An Act of Kindness (day 5): Offering Cold Drinking Water

The only Jesuit Mission built of stone: San José de los Chiquitos

This is day 5 in the 30-day series “An Act of Kindness by a Stranger“. We are in San José de los Chiquitos, one of the former Jesuit missions in eastern Bolivia.

Outside it is bloody, bloody hot with temperatures high in the thirties and everything dripping with humidity. We feel like we’re slowly being cooked in a pressure cooker. We’re thirsty. The car with our bottles of drinking water is on the other side of the plaza but having to walk over there feels as exhausting as having to run a marathon. We’d rather stay in the former Jesuit church, pleasantly cool thanks to its thick walls.

In 1767 the pope expelled the Jesuits from all South American territories. Bolivia’s indigenous group of Chiquitanos lived with the Jesuits in about a dozen missions and continued to live here after the expulsion. However, the missions were raided, (partly) destroyed and over the years used for other purposes.

Today the missions have all been beautifully restored. Ten have become a National Monument and six obtained a UNESCO World Heritage Status. The first we visit is San José de los Chiquitos, which has a museum in the quarters that were once part of the living area of the mission. It is a joy to walk here and admire the architecture, feel the ambiance of peace and tranquility, and read an abundance of information on the site.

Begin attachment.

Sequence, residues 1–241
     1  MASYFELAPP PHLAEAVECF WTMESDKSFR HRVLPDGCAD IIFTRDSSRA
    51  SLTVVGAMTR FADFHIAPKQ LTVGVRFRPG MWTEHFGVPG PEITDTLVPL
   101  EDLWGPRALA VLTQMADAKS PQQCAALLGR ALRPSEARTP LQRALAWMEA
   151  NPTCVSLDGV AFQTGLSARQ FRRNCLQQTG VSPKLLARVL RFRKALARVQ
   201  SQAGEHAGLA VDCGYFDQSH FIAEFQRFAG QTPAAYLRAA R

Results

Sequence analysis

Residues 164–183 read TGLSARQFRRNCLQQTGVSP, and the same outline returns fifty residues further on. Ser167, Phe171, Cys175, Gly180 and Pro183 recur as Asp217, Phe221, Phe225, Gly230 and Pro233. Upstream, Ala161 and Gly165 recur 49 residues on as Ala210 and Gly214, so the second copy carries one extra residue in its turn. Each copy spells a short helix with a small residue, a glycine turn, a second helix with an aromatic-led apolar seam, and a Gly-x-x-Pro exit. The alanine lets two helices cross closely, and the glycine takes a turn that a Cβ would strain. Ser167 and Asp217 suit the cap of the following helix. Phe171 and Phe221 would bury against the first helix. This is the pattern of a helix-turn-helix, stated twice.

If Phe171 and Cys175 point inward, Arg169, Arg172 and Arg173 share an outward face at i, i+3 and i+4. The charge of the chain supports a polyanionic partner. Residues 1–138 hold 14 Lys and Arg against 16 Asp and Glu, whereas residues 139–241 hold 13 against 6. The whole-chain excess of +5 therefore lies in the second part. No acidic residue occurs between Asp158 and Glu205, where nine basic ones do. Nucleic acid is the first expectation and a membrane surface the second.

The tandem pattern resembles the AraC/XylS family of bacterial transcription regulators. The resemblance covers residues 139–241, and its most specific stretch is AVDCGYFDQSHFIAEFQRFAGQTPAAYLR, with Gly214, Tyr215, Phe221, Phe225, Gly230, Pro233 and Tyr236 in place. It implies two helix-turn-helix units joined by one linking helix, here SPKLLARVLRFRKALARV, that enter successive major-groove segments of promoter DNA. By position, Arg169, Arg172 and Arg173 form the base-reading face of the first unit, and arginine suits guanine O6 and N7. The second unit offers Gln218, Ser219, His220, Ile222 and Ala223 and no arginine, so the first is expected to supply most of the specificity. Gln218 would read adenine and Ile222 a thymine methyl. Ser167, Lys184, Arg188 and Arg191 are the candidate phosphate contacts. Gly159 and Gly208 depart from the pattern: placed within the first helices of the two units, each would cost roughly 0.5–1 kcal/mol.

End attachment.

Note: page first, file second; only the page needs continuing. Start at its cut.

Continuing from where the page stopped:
Throughout the years the walls were plastered and repainted. During the restoration they recovered six layers.

Simultaneously, the mission feels like a place of refuge, with thick walls to keep out a paralyzing heat. But we áre thirsty and need to drink something. We ask the caretaker if the tap water is safe to drink, which he confirms.

“But wait, let me get you some cold water,” he offers. “Just a minute.”

That minute takes a bit longer than that as the fridge is in another office, that office is locked, the key is in somebody else’s possession and that person is somewhere in these buildings.

“You must be used to this heat,” we comment as he, at last, returns with a bottle of fabulously cold water in his hand which he offers us with a smile, with two plastic cups as well.
“Yes I am, and in fact, it isn’t that hot yet. Temperatures will continue to rise into their forties,” he comments.

We guzzle half the bottle. We generally don’t care for refrigerated drinks but boy, does this taste good!  We feel refreshed and say goodbye. There are more sculptures, angels, and carved wooden doors waiting for us to be admired.

I love the woodwork of the Jesuit Missions.

To learn why I write about acts of kindness by a stranger, please read this post.

Additional Reading

For more stories on Bolivia see here or check out the Bolivia stories on our Landcruisingadventure website.

All photos by Coen Wubbels. Follow him on Instagram here and here.

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